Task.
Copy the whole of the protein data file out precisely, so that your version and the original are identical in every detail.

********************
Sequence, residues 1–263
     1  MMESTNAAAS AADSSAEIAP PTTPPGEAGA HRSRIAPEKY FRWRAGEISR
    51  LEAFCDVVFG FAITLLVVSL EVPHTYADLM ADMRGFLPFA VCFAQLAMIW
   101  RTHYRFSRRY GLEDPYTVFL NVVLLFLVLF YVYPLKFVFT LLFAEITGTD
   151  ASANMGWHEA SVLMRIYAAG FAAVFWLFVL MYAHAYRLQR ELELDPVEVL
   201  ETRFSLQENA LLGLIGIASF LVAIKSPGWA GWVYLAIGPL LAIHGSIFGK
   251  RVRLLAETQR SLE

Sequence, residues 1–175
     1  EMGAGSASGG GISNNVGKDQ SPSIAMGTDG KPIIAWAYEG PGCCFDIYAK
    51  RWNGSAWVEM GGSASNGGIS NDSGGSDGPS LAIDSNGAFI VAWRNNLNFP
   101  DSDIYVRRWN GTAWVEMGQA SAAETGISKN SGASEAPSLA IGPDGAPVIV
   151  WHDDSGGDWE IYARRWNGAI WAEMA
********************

Sequence, residues 1–263
     1  MMESTNAAAS AADSSAEIAP PTTPPGEAGA HRSRIAPEKY FRWRAGEISR
    51  LEAFCDVVFG FAITLLVVSL EVPHTYADLM ADMRGFLPFA VCFAQLAMIW
   101  RTHYRFSRRY GLEDPYTVFL NVVLLFLVLF YVYPLKFVFT LLFAEITGTD
   151  ASANMGWHEA SVLMRIYAAG FAAVFWLFVL MYAHAYRLQR ELELDPVEVL
   201  ETRFSLQENA LLGLIGIASF LVAIKSPGWA GWVYLAIGPL LAIHGSIFGK
   251  RVRLLAETQR SLE

Sequence, residues 1–175
     1  EMGAGSASGG GISNNVGKDQ SPSIAMGTDG KPIIAWAYEG PGCCFDIYAK
    51  RWNGSAWVEM GGSASNGGIS NDSGGSDGPS LAIDSNGAFI VAWRNNLNFP
   101  DSDIYVRRWN GTAWVEMGQA SAAETGISKN SGASEAPSLA IGPDGAPVIV
   151  WHDDSGGDWE IYARRWNGAI WAEMA